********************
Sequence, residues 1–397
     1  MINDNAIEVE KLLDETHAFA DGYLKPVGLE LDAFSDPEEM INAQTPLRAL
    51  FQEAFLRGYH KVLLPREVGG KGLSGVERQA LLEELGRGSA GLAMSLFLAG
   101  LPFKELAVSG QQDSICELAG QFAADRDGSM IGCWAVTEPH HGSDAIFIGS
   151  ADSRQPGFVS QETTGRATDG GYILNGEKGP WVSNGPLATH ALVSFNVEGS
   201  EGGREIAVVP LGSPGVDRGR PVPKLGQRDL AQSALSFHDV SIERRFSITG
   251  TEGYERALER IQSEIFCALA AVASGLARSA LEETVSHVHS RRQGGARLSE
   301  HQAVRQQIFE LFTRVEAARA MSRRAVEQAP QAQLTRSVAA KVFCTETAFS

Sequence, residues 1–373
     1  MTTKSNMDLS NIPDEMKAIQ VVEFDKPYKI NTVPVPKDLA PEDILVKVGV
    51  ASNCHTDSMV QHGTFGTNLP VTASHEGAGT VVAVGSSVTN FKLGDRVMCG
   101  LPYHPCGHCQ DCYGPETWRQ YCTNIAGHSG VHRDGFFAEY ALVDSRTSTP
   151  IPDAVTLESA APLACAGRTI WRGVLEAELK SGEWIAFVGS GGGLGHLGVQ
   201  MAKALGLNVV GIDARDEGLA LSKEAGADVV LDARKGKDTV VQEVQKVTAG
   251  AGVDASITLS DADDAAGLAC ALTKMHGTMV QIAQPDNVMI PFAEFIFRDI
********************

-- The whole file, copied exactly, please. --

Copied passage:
Sequence, residues 1–397
     1  MINDNAIEVE KLLDETHAFA DGYLKPVGLE LDAFSDPEEM INAQTPLRAL
    51  FQEAFLRGYH KVLLPREVGG KGLSGVERQA LLEELGRGSA GLAMSLFLAG
   101  LPFKELAVSG QQDSICELAG QFAADRDGSM IGCWAVTEPH HGSDAIFIGS
   151  ADSRQPGFVS QETTGRATDG GYILNGEKGP WVSNGPLATH ALVSFNVEGS
   201  EGGREIAVVP LGSPGVDRGR PVPKLGQRDL AQSALSFHDV SIERRFSITG
   251  TEGYERALER IQSEIFCALA AVASGLARSA LEETVSHVHS RRQGGARLSE
   301  HQAVRQQIFE LFTRVEAARA MSRRAVEQAP QAQLTRSVAA KVFCTETAFS

Sequence, residues 1–373
     1  MTTKSNMDLS NIPDEMKAIQ VVEFDKPYKI NTVPVPKDLA PEDILVKVGV
    51  ASNCHTDSMV QHGTFGTNLP VTASHEGAGT VVAVGSSVTN FKLGDRVMCG
   101  LPYHPCGHCQ DCYGPETWRQ YCTNIAGHSG VHRDGFFAEY ALVDSRTSTP
   151  IPDAVTLESA APLACAGRTI WRGVLEAELK SGEWIAFVGS GGGLGHLGVQ
   201  MAKALGLNVV GIDARDEGLA LSKEAGADVV LDARKGKDTV VQEVQKVTAG
   251  AGVDASITLS DADDAAGLAC ALTKMHGTMV QIAQPDNVMI PFAEFIFRDI